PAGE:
Clearly, here and now there is a difference between my existing humanity and my ego or any other medium in which I am aware of my existence. Nevertheless, I can truly affirm that my existence is me and mine, even if I am not yet aware of all of it. I do not think or feel this way about the existence of other things, rocks, mice, planets or light beams. Why not? They are within my sphere of possible experiences. Indeed they are, but when I experience for the first time aspects of my existence, I experience them as me and mine, as having been me and mine all along. I do not experience other objects this way. I experience all dimensions of my existence as constituents of myself, and I realize that they were aspects of my constitution even before I knew of them.

Jesus Christ was fully human from conception onward. But like all human beings he grew in consciousness of his human existence and nature. It was not his consciousness and self-consciousness of his humanity that made him human. Jesus shared with other human beings the drive to know the fullness of his human nature and existence. But Jesus was also fully God from conception onward; that is to say, for Jesus the divine nature was a constituent of his existence. (For us, the divine nature is the cause of our existence but not a constituent of our persons.) In the same way that Jesus was not fully conscious of every aspect of his human nature from conception onward, he was not fully conscious of his divine nature always. And just as his lack of complete consciousness of his humanity did not make him less human, lack of full consciousness of his divine nature did not make him less divine. I think we can safely say that Jesus grew both in his awareness of his humanity and his divinity during his earthly life. And even if Jesus did not become fully conscious of the full depths of his humanity or his divinity until his glorification in the resurrection, this in no way diminishes the completeness of his pre-glorification divinity or his humanity!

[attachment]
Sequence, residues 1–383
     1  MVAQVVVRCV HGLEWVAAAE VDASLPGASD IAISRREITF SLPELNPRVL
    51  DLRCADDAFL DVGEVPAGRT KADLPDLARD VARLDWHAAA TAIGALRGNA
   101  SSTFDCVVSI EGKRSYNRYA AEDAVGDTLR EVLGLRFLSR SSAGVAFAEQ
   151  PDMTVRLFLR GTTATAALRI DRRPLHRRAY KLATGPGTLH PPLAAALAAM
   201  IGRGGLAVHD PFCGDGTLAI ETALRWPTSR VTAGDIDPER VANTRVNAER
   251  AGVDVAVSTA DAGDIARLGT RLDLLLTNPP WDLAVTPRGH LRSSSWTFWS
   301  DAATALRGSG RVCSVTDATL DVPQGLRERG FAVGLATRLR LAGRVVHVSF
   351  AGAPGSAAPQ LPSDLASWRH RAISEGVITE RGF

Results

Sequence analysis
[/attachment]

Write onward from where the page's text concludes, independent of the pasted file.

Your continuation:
Note: this is the 151st essay I’ve written and posted on this blog since August 2013.